Pick Two: Fast, Cheap or Good?

28 Jul

With the exception of my birthplace and a brief stint out-of-state for my first year of college, I’ve lived in the City of Angels my whole life.  The advantages of being a native are plenty.  I never really had to adjust to the sticker shock that transplants get when moving to a metropolis that is currently ranked the 2nd most expensive city in the United States in which to live.

I know surface street routes to stay off the freeways during daylight hours, free places to park in highly congested areas, and the little “pockets” of neighborhoods where you can get more for your apartment rental dollar.  I’m familiar with inexpensive dive bars containing great jukeboxes, happy hours at higher end restaurants, and the cheapest places to go bowling.

I’ve been working in the entertainment industry for the better part of 15 years now.  I first learned about The Project Triangle at age 20 in my college production management class.  My professor drew this triangle on the board:

He was applying it to film and television making.  Indie films can take 5+ years to make (cheap and good), summer popcorn movies are predicated according to a pre-set studio release date (fast and good), or you can churn out a couple of dozen direct to DVD films per year (fast and cheap).

That was the first time I had ever seen The Project Triangle, and seeing it back then was a bit revelatory for me.  It took me several years to realize that this pretty much applies to everything in life.  I’ve seen it time and again for projects in all professions.  Now, I certainly apply it to my frugal lifestyle.

If I order something from Amazon, but want to use the free Super Saver shipping because I despise paying for it, then it will take 5-7 business days.  Good and cheap.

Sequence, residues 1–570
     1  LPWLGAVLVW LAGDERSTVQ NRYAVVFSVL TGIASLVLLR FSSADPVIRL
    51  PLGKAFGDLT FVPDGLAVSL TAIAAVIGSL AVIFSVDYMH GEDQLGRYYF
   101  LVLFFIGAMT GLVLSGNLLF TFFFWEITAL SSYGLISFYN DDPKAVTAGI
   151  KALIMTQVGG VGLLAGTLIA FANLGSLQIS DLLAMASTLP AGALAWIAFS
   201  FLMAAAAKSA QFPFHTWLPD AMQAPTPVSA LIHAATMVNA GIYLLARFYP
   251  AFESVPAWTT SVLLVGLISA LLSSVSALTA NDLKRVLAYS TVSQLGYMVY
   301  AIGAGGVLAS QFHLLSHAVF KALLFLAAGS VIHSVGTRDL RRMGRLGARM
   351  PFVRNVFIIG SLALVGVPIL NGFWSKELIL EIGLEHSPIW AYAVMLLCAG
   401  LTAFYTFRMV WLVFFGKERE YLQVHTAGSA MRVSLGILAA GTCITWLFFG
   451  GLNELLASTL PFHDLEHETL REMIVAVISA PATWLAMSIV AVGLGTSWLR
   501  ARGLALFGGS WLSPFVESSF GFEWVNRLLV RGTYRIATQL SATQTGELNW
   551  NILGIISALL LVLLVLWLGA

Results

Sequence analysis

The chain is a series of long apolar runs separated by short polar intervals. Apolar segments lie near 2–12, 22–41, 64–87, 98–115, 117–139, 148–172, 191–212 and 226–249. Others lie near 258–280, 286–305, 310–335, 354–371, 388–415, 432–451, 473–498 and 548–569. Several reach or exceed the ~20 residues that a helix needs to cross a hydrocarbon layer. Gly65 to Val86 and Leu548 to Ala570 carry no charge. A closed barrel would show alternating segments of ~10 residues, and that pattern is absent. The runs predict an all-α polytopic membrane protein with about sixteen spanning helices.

If I have a last-minute event that I have to attend that evening and just HAVE to buy a new outfit (that doesn’t happen, but for illustrative purposes here, let’s just say that it does), I’m probably going to head to Target and Old Navy for an outfit that I may not really love because it’s an impulse buy and may only last a couple of seasons.  Fast and cheap.  (Truly, there’s no store-hating here, I shop at both places all the time.)

If I’ve been eyeing that designer leather handbag that will last me at least 5+ years and I don’t want to copiously track it until it goes on sale, it’s going to cost more than your average purse, probably upwards of $80-100, and that’s on the low end.  Fast and good.

A frugal person like myself will go for good and cheap the vast majority of the time.  My friend and I treat ourselves to dinner during the Dine LA program twice per year; otherwise, it’s too expensive for our everyday budget.  When I cave and go for that designer handbag or leather jacket, I most likely have indeed been looking at them obsessively, waiting for them to go on sale.

I don’t believe that a frugal lifestyle is about depriving yourself.  For me, it’s about saving your dollars for future peace of mind, or stretching them as far as you can when you do choose to spend them.  It’s not about accumulating as much stuff for as little as possible, but taking advantage of opportunities for your basic necessities and experiences or things that you may want.

Thanks for stopping by – I hope you come visit often!


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